Last night, Diane and Annalysa decided that we needed to go fishing. I had been in a grumpy mood all week and after some mulling around, somewhat reluctantly agreed to go, figuring that it might be good for me to get away from the thoughts of work for a while. We stopped on our way at the little bait shop in Woodland and picked up some frozen herring and a dozen sand shrimp to take with us. I surmised there was no way we needed a lot of bait and only purchased a dozen of each, with all intentions of having to discard most of it when we got back. (Uh Ken, did you take a lightning strike to the brain?? What are you thinking??) We arrived at our favorite beach along the Columbia River and I rigged up and cast out into the calm water. Almost instantly, a fish picked up the bait and the end of my pole began dancing. FISH ON! I couldn’t believe it!
And so the fun began. The next four casts yielded four small shaker sturgeon, and I could quickly see that at this pace we were going to run out of bait way before the sun went down. I began to regret my earlier thoughts at the bait shop.
I really heaved the next cast and as indicated by the line counter, the end of the line was at least 50′ further out than it had been all night. I set the pole in the holder, reeled up a little tension on the line, and began the wait. After about five minutes, the end of the pole began to move just a little. Tap, Tap, Tap….. nothing. Tap, Tap, Tap…. nothing. Sturgeon are notorious for picking up the bait in their mouths, spitting it out and then doing it again. As an angler, you have to be patient and wait for the right time to set the hook. After all the previous excitement, I was a little jumpy, and Diane had to keep reminding me to wait for it. IT WAS HARD! A month of Sunday’s passed with this cat and mouse game going on and I couldn’t take it any longer. I picked the pole up out of the holder, reeled the line down, and when the next little set of bumps began, I set the hook like I was swinging for the rafters. Immediately the pole bent in half and the fish began peeling line out of the reel like no tomorrow.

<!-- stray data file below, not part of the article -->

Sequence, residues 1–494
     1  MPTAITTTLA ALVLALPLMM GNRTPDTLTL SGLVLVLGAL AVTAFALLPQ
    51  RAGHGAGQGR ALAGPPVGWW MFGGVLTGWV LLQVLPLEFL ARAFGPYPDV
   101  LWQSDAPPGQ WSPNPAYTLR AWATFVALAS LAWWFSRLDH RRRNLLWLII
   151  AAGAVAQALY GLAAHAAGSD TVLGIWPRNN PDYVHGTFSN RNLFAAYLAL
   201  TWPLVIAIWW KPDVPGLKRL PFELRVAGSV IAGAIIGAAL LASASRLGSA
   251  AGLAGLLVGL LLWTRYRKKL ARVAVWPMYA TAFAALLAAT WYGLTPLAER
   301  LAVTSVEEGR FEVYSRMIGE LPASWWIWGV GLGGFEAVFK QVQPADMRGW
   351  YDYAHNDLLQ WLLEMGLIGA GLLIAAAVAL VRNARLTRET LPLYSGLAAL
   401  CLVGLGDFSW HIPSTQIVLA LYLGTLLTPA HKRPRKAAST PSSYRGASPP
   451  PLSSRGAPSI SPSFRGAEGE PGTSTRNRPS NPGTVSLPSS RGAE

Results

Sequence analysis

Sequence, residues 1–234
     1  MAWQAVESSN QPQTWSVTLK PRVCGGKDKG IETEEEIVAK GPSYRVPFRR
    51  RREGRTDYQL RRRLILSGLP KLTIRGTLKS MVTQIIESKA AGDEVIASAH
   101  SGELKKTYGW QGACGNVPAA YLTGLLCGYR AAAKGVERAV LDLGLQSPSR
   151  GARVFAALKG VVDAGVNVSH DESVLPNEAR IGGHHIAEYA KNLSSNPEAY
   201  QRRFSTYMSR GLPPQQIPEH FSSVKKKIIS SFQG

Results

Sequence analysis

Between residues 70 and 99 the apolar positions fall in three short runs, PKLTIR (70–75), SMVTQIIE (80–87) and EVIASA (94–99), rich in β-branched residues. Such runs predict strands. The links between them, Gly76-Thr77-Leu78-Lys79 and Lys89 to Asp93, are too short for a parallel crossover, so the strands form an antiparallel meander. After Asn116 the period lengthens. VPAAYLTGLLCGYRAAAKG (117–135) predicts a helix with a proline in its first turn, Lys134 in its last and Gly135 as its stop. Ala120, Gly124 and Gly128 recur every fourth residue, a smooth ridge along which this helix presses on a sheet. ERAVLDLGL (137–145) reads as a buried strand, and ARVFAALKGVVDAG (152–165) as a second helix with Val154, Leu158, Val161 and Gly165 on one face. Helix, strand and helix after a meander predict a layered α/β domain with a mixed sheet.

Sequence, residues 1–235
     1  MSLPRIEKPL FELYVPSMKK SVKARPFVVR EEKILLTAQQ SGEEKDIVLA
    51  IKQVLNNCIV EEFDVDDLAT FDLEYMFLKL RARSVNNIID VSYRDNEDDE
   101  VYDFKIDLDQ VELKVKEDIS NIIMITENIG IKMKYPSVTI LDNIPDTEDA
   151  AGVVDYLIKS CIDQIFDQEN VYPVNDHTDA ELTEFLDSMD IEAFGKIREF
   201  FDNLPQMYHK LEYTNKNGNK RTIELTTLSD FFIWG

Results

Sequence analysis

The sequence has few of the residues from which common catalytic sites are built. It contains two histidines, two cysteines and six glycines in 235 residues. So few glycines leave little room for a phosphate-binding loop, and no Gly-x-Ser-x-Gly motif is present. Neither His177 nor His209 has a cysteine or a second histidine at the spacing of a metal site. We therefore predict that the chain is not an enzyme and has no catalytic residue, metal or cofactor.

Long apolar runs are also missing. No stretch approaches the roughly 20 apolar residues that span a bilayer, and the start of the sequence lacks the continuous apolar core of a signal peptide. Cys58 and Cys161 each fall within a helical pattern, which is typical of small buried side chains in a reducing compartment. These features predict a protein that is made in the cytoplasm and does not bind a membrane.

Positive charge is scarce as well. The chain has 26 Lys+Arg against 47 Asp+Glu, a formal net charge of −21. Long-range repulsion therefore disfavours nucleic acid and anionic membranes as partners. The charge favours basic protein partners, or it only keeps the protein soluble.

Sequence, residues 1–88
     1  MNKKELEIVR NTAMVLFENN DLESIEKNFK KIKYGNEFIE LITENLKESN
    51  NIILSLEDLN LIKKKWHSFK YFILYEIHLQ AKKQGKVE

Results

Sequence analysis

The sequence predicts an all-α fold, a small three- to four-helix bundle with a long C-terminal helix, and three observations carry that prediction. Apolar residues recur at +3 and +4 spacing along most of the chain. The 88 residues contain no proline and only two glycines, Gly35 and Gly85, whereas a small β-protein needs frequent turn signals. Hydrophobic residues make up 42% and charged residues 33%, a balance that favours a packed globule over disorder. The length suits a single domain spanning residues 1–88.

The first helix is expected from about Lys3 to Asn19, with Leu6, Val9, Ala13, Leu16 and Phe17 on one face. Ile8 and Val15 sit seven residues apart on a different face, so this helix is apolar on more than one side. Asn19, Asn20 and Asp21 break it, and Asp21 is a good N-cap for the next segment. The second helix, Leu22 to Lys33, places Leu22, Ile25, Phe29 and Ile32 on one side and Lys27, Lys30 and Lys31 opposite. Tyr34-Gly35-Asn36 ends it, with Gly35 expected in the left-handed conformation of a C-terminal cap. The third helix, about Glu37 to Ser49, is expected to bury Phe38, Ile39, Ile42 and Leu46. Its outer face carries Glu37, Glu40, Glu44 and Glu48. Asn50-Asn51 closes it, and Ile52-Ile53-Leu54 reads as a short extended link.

It felt like I had hooked into a submarine and instantly knew this was going to be a battle. 75 yards of line went into the water faster than you can blink, the pole was bent in a big U, and it was all I could do to hang on. After 10 minutes of tense back and forth, I was able to turn the fish’s head and began to get a little line back into the reel. Lift the pole up and reel down, this was my mantra. Every time the fish turned away, a little less line was taken so I knew the end game was coming.
And then it happened………. this big sturgeon must have sensed the shore and made one last run for freedom. He turned his head and made for the deep like an olympic swimmer going for the gold. Try as I might I couldn’t turn him. In a move of desperation, I started to crank down the drag in hopes of regaining the upper hand. BOOM! the noise of the line breaking echoed off the water like a big thunder clap. I couldn’t believe it…. Even our dog Abby looked heart broken. Annalysa looked at me like Justin Beiber had just cancelled the concert she was going to…… Man did I feel dejected!
After about 3 minutes of hanging my head though, a big smile started to break across my face and I turned and looked at the girls and shouted “that was AWESOME!!” There was one last set of baits left, onto the hook they went and back into the water….. Now that’s fishing!!